The clinical features of fibromyalgia are associated with various psychological factors, including stress. We examined the hypothesis that the path that psychological factors follow in influencing fibromyalgia symptoms is through their direct effect on stress. Ninety-eight females with ACR 1990 classified fibromyalgia completed the following questionnaires: The Big 5 Personality Inventory, Fibromyalgia Impact Questionnaire, Perceived Stress Scale, Profile of Mood States, Mastery Scale, and Perceived Control of Internal States Scale. SPSS (PASW version 22) was used to perform basic t tests, means, and standard deviations to show difference between symptom characteristics. Pathway analysis using structural equation modelling (Laavan) examined the effect of stress on the relationships between psychological factors and the elements that define the fibromyalgia phenotype. The preferred model showed that the identified path clearly linked the psychological variables of anxiety, neuroticism and mastery, but not internal control, to the three key elements of fibromyalgia, namely pain, fatigue and sleep (p < 0.001), via the person’s perceived stress. Confusion, however, did not fit the preferred model. This study confirms that stress is a necessary link in the pathway between certain identified, established and significant psychological factors and key fibromyalgia symptoms. This has implications for the understanding of contributing mechanisms and the clinical care of patients with fibromyalgia.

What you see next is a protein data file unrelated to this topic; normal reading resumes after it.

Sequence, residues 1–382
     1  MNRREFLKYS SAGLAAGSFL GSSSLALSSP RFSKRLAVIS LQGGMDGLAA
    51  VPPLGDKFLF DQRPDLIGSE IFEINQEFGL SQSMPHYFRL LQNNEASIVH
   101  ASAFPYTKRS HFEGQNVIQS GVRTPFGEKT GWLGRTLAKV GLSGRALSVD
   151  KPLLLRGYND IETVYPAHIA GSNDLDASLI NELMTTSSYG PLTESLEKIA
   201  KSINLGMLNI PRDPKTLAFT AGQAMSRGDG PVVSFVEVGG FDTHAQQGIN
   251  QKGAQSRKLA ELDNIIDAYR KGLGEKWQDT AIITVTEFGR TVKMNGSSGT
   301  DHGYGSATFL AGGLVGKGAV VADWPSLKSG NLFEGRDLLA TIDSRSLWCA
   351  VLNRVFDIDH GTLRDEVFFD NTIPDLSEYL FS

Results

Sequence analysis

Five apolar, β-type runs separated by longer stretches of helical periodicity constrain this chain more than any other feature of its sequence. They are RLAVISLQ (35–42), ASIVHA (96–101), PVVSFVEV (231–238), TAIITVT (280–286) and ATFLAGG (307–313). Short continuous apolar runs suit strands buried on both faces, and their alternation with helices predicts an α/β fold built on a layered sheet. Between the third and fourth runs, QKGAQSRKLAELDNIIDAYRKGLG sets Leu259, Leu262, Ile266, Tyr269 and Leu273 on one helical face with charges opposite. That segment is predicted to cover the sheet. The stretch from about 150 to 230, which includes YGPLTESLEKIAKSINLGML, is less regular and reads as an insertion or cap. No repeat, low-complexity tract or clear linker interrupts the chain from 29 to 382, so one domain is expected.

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Malin, K., Littlejohn, G.O. Psychological factors mediate key symptoms of fibromyalgia through their influence on stress. Clin Rheumatol 35, 2353–2357 (2016). https://doi.org/10.1007/s10067-016-3315-9